Home Read What's New Join
My Account Login

Read Our Devotional             2016 Opportunities to be Published             Detailed Navigation

The HOME for Christian writers! The Home for Christian Writers!
The Official Writing Challenge



how it works
submission rules
guidelines for
choosing a level


submit your entry
read current entries
read past entries
challenge winners

Our Daily Devotional HERE
Place it on your site or
receive it daily by email.



how it works   Submit

Previous Challenge Entry (Level 1 – Beginner)
Topic: Banquet - deadline 8-16-12 10 am NY time (08/09/12)

TITLE: The Barbie Doll
By Sharon Eastman


At sixteen I was a voluptuous teenager, physically advanced for my age. My legs were slim; my hips were curvy; and my blouses popped open at the placket, as you can kindly imagine. Being this way was not a true blessing. As I received the attention of the male population, I played my little Lolita role to the hilt. To my parentís dismay, I concentrated on boys, clothes, and make up, not my studies.

One night my parents allowed me to attend a DeMolay Installation with my friends and their folks. (DeMolay is a young manís organization and part of the Masonic Order.) I donned a madras skirt and a cranberry shell, which was the fashion of the day. When I met with my friends, I saw that they looked attractive, too.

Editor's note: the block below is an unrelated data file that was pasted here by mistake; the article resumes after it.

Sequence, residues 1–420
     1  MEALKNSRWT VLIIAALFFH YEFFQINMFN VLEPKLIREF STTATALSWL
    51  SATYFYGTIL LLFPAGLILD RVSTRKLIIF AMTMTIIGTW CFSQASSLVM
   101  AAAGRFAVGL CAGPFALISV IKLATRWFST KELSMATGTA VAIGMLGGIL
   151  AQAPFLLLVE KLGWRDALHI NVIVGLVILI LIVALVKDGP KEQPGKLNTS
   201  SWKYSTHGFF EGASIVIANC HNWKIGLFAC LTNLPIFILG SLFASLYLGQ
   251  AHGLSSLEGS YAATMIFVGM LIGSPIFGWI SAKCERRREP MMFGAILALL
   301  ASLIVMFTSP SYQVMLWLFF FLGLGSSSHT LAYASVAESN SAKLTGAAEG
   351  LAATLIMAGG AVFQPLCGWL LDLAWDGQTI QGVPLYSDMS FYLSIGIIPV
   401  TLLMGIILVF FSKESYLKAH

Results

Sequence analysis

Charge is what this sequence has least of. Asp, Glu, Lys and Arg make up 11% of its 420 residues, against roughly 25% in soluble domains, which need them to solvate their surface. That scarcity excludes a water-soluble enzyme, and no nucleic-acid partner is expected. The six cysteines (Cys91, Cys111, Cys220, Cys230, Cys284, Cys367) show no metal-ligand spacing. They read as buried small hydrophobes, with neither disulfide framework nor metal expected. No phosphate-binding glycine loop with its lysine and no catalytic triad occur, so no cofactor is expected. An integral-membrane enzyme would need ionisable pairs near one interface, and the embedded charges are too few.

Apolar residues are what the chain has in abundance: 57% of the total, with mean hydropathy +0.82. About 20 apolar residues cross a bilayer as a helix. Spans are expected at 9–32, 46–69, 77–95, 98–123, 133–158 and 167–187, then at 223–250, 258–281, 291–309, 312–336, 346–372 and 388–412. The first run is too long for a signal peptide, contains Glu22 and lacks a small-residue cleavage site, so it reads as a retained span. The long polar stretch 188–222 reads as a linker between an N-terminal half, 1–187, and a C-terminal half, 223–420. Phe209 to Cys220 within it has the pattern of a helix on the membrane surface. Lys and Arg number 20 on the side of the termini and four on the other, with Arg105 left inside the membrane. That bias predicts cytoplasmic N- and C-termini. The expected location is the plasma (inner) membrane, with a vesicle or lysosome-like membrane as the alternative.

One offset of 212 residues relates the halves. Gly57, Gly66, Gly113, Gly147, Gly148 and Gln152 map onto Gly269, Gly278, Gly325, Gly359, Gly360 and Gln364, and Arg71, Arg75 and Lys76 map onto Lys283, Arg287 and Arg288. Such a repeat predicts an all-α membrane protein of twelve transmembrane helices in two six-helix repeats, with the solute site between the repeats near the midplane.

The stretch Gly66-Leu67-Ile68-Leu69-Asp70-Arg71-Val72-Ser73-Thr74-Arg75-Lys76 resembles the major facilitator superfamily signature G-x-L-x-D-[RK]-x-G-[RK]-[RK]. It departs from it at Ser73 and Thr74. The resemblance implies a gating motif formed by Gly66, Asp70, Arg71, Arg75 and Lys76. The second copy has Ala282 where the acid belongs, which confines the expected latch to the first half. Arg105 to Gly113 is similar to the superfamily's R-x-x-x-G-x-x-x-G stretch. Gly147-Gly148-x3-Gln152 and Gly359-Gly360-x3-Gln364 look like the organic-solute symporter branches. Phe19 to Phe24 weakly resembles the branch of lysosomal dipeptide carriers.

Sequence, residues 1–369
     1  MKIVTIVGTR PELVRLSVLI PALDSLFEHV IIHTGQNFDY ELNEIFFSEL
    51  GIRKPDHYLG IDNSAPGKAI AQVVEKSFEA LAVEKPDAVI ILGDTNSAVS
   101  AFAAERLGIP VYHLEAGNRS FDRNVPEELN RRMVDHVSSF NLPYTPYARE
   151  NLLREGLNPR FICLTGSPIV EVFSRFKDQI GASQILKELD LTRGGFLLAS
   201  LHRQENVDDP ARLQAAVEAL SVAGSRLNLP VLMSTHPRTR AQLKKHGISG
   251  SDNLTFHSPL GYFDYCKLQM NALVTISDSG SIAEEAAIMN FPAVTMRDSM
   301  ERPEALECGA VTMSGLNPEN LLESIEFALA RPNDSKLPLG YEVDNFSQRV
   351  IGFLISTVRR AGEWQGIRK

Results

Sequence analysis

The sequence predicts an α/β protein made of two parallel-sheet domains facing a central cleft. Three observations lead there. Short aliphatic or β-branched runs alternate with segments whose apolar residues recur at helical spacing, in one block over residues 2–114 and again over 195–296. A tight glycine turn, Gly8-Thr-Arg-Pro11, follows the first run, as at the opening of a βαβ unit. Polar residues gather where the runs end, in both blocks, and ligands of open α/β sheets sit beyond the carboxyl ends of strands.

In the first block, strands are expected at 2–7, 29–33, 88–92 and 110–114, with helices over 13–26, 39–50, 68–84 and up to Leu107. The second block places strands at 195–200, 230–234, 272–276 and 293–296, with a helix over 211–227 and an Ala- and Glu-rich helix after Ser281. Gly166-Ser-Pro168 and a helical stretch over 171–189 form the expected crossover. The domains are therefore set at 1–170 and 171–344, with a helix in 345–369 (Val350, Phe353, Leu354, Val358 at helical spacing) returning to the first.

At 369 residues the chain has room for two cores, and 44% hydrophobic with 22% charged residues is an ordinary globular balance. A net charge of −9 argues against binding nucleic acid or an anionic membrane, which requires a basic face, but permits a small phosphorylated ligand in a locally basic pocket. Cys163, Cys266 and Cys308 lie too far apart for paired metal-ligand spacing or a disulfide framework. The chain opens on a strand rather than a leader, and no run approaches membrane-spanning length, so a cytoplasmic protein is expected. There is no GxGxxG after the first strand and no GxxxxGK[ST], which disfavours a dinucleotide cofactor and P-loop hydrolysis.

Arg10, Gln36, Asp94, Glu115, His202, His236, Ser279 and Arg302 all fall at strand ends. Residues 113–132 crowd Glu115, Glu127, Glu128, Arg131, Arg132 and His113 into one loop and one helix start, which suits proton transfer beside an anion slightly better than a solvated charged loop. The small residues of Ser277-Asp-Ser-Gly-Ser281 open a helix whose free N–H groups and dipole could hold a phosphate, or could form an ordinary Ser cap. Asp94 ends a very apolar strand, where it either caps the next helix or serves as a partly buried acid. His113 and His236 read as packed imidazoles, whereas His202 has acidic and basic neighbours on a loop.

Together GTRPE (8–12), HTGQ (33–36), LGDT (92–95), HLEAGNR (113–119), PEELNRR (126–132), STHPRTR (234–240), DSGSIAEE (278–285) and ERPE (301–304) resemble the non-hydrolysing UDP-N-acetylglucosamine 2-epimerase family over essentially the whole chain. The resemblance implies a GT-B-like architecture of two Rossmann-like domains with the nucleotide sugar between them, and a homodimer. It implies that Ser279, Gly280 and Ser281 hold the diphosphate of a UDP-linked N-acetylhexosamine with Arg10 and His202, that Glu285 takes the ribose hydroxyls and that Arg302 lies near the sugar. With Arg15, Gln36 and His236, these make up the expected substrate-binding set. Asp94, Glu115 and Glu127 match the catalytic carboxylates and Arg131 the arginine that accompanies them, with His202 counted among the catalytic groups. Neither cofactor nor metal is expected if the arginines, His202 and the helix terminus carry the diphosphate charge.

We sat through the long, boring installation, but the fun began afterwards. We mingled with the guys and laughed and danced. I received lots of compliments and attention from these 18 to 20 year old DeMolays, and I soaked it all in like soda on a sponge. When they asked me to be Chapter Sweetheart for the coming year, I was elated! Tears spilled down my cranberry shell.

A year seemed like a very long time, especially for a young girl. I tried to forget about the DeMolaysí sweetheart proposal, but a few of the guys kept in touch calling and visiting. Therefore, I focused all my attention on the high school dances and football games. I even enjoyed my status as class flirt. Still, all the male attention was making me self-centered and haughty.

I must have left an indelible image as the DeMolays didnít forget me. A surprise call from them came to my home one night, and a group of them came over. They announced that I was the new Chapter Sweetheart.

First, I had to be installed, which was another heady experience. Standing in front of 250 people, I was electrified. I was dressed all in blue taffeta, and I felt like a princess or a Barbie doll. When the Master Counselor (a president of a DeMolay Chapter) placed the tiara on my head, the ribbon over my shoulders, and handed me a bouquet of roses, my spirit soared. My soul became overwhelmed, and I felt like Cleopatra at Solomonís temple. Again, that night ended with my calendar full of dates.

I had lots of fun as Sweetheart, and I went to DeMolay Installations and other activities. I met many people, but my main concern was flirting with all the guys. The few girlfriends that I had would become jealous and gossip about me.